The cuts would occur on Jan. 2, 2013, unless Congress and the president reach some agreement on a different way to reduce the federal deficit.

“These cuts will have a devastating impact and will be yet another blow for low-income individuals and people of color living with HIV/AIDS and viral hepatitis at a time when we can least afford it,” said Kali Lindsey of the National Minority AIDS Council. “Investing in our health care infrastructure will reduce long-term health care costs for chronic conditions like HIV and viral hepatitis, is the right thing to do, and is critical if we are to end these twin epidemics.”

Chris Collins, of amFAR/The Foundation for AIDS Research, said, “Sequestration will undermine everything we’ve done to accomplish the National HIV/AIDS Strategy goals of reducing HIV incidence and death. Budget cuts through sequestration would bring crucial life-saving research at the National Institutes of Health to a halt, squandering enormous scientific opportunities including AIDS vaccine and cure research.”

Added Terrance Moore of the National Alliance of State & Territorial AIDS Directors, “Now more than ever, we need our nation to commit to providing state health departments with the resources necessary to end the HIV/AIDS and viral hepatitis epidemics once and for all.”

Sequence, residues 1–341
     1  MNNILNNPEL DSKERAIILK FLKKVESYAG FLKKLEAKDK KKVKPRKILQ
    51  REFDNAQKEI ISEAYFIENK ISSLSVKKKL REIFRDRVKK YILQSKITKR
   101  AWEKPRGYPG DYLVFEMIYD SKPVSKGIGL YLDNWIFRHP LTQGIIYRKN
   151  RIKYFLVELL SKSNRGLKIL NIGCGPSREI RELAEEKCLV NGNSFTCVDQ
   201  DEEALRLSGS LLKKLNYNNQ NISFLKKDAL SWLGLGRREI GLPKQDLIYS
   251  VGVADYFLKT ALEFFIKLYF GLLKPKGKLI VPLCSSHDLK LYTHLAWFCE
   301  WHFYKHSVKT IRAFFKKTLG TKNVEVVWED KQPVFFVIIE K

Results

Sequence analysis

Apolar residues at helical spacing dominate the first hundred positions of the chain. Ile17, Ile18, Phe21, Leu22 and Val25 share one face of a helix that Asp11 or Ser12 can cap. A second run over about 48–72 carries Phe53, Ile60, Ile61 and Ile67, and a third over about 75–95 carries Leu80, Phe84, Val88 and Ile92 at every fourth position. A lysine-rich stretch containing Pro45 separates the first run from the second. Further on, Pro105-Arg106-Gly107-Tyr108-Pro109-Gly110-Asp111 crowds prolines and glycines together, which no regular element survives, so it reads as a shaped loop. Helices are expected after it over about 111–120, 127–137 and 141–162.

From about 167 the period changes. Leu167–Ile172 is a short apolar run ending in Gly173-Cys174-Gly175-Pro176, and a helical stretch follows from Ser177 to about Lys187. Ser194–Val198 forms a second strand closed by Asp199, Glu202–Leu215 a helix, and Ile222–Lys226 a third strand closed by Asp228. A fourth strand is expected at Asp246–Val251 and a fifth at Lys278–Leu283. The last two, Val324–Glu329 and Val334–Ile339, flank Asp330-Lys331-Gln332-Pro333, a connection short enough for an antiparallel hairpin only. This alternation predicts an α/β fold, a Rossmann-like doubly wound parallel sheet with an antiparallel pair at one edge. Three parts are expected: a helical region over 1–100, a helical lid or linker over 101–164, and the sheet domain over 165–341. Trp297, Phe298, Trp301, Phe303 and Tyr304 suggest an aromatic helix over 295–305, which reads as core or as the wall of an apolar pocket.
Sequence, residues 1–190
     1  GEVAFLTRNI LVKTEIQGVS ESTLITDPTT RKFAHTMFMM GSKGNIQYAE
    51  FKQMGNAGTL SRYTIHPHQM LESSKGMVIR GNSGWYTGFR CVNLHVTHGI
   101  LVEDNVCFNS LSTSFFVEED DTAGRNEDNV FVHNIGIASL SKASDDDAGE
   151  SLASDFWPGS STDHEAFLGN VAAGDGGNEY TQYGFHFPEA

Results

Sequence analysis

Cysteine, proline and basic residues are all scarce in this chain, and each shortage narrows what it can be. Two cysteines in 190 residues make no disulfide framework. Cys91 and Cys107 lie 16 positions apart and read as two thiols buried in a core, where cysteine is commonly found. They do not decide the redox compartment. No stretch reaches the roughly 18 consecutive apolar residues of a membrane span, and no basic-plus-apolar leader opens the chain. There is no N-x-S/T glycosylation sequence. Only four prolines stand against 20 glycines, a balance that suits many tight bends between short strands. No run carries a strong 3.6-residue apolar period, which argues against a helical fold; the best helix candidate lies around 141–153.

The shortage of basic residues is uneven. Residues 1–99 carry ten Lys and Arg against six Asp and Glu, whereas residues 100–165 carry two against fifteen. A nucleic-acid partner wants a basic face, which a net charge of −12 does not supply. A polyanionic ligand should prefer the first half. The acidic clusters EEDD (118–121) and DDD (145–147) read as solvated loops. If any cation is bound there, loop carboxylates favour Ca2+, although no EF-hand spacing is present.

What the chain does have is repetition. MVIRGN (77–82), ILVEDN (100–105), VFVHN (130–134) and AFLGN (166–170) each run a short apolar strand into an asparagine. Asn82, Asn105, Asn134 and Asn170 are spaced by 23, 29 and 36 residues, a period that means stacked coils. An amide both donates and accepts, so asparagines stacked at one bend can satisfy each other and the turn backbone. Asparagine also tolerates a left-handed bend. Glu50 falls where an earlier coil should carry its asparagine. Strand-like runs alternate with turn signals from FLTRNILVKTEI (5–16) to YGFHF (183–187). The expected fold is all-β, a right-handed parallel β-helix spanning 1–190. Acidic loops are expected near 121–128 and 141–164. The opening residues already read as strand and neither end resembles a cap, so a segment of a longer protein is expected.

The three groups estimated that with sequestration:

• 15,708 people will lose access to crucial life-saving drugs.

• 5,000 households will lose housing support.

• 460 AIDS research grants will be eliminated.

412 people living with HIV will not be diagnosed.

• $65.2 million in HIV prevention services will be cut.

• $1.6 million in viral hepatitis prevention services will be cut.

The U.S. Centers for Disease Control and Prevention estimates there are 50,000 new HIV infections each year, that about 1.2 million Americans are living with HIV/AIDS and about 5.3 million people are living with viral hepatitis in the United States.